Magazine article The Spectator

Dance Succulent Pleasures

Magazine article The Spectator

Dance Succulent Pleasures

Article excerpt

Nederlands Dans Theater 2 Sadler's Wells It was about time a dance-maker exacted revenge on dance academics. In Alexander Ekman's 2010 Cacti, a voiceover explains the alleged semantics of the choreography by resorting to theoretical cliches and the known modes of that mental self-pleasuring that many academics indulge in. As the vacuously pompous words bear little or no relation to the quirky actions, the contrast between the taped voice and the dancing becomes explosively comic. Later on, recorded voices are also used to let viewers peep into the minds of two dancers performing a duet, humorously highlighting the kind of artistically detached thinking performers frequently engage in while dancing.

As stated by the voiceover in the first half of the work, this is all very postmodern, but it is postmodernism that ridicules postmodernism in a way that is cleverly refined and never predictable. As someone who has been working in dance academia for the past 15 years, I almost choked with laughter. I was not alone, though: one does not need to be an academic to enjoy Cacti, as there is more to it than just a refined satirical solution. Ekman's fizzy, mesmerisingly varied and perfectly constructed choreography is a splendid example of dance-making.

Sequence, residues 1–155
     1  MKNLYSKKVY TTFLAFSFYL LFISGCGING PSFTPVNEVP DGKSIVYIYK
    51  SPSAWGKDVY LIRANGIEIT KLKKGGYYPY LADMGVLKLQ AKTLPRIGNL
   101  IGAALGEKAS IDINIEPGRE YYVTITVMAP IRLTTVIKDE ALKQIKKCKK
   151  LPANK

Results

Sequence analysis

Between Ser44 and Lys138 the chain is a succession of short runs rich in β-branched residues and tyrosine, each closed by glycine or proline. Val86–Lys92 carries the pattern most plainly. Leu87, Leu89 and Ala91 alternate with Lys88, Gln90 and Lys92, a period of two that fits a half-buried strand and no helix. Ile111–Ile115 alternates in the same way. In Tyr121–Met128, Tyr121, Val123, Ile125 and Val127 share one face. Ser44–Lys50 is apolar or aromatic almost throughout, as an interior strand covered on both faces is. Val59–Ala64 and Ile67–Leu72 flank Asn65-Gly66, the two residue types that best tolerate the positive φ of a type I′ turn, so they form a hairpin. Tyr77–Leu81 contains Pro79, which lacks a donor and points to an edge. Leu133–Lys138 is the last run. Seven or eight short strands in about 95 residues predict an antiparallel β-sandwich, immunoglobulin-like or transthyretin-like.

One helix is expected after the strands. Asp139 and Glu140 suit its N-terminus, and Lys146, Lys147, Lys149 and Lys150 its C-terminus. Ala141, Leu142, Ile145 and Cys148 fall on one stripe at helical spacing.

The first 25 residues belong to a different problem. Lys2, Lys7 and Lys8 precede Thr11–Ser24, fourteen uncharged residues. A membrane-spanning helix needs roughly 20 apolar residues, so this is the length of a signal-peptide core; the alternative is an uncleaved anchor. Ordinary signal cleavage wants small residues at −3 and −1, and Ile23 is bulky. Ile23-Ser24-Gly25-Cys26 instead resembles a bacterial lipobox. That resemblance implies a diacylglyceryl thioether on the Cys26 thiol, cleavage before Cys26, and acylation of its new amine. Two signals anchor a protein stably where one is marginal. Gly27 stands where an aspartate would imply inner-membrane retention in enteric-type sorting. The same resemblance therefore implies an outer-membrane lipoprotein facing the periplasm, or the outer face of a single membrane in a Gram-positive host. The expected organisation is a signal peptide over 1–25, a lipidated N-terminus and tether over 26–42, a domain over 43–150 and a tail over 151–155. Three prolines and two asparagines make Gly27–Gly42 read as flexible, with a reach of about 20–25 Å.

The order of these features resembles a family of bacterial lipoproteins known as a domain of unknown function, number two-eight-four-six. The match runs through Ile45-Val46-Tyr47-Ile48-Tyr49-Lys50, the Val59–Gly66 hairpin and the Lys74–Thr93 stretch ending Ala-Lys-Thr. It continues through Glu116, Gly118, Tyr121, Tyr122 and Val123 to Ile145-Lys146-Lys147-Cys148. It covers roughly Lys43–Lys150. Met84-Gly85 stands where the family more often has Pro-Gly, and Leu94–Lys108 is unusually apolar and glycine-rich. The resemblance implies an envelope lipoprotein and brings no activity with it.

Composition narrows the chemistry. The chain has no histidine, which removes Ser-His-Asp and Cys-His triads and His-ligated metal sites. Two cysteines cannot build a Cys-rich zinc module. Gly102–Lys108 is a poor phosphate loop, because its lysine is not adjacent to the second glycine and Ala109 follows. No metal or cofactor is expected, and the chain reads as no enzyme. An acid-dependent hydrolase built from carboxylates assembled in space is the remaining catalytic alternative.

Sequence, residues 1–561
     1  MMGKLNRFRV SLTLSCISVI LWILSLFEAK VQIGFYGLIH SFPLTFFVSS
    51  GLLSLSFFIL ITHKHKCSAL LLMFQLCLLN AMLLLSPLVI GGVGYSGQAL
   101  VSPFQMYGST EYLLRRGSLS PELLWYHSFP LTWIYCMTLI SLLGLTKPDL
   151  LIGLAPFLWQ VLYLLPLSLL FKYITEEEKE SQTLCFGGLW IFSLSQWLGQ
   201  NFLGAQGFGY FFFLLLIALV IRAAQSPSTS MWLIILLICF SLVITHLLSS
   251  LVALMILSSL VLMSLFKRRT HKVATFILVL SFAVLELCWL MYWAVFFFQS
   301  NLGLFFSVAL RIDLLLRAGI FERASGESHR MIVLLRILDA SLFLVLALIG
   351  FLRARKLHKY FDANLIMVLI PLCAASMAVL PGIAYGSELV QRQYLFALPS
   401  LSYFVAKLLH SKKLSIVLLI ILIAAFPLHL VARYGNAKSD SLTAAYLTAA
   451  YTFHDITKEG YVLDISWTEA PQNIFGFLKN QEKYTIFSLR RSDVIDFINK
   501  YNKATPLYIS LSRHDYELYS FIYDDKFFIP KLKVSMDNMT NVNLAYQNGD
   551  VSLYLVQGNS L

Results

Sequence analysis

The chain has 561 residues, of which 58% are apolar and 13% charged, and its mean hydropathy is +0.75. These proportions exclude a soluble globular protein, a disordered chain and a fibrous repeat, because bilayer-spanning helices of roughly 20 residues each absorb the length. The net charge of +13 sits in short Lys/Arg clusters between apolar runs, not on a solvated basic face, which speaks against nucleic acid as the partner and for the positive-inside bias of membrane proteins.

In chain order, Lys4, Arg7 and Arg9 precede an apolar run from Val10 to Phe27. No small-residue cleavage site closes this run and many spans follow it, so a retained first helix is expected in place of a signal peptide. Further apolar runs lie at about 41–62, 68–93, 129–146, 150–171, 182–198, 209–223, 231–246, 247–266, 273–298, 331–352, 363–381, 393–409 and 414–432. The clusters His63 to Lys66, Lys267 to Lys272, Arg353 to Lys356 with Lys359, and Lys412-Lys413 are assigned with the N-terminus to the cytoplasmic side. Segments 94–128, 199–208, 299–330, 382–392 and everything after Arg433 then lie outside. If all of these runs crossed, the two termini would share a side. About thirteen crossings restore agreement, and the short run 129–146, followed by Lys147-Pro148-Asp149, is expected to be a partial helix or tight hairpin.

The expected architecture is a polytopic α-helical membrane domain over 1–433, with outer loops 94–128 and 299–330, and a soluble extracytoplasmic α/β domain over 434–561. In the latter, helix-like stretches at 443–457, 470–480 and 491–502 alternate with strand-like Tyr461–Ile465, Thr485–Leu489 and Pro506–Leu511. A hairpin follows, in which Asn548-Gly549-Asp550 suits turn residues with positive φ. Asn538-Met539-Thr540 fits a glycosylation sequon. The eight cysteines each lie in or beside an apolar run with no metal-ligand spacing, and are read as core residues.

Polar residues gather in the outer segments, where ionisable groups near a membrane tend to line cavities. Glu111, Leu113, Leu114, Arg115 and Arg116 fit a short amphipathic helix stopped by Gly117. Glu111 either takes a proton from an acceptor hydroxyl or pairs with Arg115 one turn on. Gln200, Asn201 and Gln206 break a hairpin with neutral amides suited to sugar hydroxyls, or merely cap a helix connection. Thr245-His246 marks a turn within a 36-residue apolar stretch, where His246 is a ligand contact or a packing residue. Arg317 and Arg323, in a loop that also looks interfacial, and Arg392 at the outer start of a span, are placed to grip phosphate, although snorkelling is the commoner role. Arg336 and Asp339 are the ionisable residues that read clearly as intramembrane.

As such, it provides a unique vehicle for the superbly talented dancers of Nederlands Dans Theater 2 - the 'all young' company (17 to 23 years old) spawned in 1978 by Nederlands Dans Theater 1, which was created in 1959.

Cacti was a more-than-ideal conclusion of a triple bill that showed how, many years after the creation of the main company, whatever is produced under the Nederlands Dans Theater label is always first-class. For some such explosive fun might have seemed to be slightly at odds with what is believed to be the company's traditional aesthetic. …

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